As the antimalarial drugs hydroxychloroquine and chloroquine have drawn attention as potential therapies for COVID-19 and are being widely used off-label, it’s now more important than ever to have a thorough assessment of the safety of these medications. A recent analysis published in the British Journal of Clinical Pharmacology provides new insights.
In the analysis of real-world data from the Food and Drug Administration Adverse Events Reporting System, a global database of post-marketing safety reports, hydroxychloroquine and chloroquine were associated with higher rates of various cardiovascular problems, including life-threatening heart rhythm events, heart failure, and damage to the heart muscle itself (termed cardiomyopathy).
“Moreover, we show how these adverse events carry high risks for severe outcomes including death, even with standard doses of the drugs,” said senior author Elad Maor, MD, PhD, of Sheba Medical Center and Tel-Aviv University, in Israel. “The take-home message of our work is that physicians around the world should be careful when prescribing these drugs for off-label indications, especially for patients with cardiac disorders.”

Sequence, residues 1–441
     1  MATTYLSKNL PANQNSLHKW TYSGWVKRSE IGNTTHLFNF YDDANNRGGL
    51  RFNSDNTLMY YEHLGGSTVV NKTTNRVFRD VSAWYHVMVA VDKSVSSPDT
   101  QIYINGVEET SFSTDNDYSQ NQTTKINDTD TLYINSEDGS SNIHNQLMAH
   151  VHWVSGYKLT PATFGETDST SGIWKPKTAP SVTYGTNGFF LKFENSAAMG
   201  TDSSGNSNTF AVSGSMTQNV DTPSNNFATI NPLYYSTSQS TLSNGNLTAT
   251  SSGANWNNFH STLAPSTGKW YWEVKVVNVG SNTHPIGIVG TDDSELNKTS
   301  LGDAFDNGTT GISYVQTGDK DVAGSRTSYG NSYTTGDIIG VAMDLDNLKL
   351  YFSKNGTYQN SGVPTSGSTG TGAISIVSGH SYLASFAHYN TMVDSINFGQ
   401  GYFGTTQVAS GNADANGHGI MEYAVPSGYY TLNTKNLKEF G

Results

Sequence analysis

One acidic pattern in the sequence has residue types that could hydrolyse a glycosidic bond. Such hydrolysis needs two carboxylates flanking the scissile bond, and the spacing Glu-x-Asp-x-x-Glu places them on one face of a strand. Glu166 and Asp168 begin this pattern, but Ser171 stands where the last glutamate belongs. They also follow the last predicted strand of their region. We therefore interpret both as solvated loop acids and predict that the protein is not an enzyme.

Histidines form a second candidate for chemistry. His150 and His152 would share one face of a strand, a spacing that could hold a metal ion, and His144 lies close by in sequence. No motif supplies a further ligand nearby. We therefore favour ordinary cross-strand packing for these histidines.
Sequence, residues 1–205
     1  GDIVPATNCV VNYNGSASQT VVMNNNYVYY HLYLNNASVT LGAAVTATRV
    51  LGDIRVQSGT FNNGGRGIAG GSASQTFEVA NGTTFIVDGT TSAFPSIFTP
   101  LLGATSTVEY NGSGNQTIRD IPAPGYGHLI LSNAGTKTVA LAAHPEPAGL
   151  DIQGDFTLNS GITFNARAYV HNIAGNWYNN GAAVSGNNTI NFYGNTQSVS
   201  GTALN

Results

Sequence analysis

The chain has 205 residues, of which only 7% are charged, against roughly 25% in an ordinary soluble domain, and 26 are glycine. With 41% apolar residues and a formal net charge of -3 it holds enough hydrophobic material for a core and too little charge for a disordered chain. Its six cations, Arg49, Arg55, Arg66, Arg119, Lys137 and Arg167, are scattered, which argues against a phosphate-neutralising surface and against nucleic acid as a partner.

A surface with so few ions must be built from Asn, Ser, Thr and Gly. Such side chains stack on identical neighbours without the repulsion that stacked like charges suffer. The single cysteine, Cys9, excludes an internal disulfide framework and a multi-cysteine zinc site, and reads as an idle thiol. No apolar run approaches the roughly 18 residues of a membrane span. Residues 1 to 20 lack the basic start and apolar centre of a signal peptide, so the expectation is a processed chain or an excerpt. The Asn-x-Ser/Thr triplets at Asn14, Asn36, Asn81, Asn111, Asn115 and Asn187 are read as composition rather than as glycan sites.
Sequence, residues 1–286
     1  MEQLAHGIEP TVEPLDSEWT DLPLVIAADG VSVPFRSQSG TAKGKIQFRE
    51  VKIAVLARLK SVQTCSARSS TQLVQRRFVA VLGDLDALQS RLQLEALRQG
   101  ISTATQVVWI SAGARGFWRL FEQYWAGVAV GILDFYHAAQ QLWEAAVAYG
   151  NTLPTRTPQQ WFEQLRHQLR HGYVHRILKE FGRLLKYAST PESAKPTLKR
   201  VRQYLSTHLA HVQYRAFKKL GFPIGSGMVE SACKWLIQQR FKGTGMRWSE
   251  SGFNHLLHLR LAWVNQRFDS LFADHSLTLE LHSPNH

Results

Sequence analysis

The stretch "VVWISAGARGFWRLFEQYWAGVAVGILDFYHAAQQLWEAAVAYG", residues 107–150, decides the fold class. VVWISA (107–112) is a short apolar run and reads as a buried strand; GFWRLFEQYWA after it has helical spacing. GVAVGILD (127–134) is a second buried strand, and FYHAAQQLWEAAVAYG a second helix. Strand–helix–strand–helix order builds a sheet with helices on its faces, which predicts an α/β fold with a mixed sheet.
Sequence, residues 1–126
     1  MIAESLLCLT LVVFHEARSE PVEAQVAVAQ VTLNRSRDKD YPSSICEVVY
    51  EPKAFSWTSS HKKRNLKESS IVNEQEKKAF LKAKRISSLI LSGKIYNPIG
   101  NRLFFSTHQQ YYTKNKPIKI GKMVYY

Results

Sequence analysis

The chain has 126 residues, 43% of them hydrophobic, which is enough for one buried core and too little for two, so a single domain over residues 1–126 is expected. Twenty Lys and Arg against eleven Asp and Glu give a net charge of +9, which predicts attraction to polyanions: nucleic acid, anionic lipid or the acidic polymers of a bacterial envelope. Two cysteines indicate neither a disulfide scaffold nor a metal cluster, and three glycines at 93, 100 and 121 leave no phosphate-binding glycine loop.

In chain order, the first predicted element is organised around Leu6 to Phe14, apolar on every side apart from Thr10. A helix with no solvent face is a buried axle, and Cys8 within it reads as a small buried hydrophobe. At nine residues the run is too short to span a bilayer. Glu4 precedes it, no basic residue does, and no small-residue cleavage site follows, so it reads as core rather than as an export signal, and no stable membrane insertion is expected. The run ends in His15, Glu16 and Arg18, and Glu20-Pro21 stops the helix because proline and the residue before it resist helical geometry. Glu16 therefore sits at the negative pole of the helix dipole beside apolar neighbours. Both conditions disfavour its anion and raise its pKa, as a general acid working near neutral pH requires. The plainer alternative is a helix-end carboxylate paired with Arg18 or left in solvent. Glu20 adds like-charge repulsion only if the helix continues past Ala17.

Reference: “Cardiovascular adverse events associated with hydroxychloroquine and chloroquine: A comprehensive pharmacovigilance analysis of pre‐COVID‐19 reports” by Adam Goldman, David Bomze, Rachel Dankner, Hanoch Hod, Tomer Meirson, Ben Boursi and Elad Maor, 22 September 2020, British Journal of Clinical Pharmacology.
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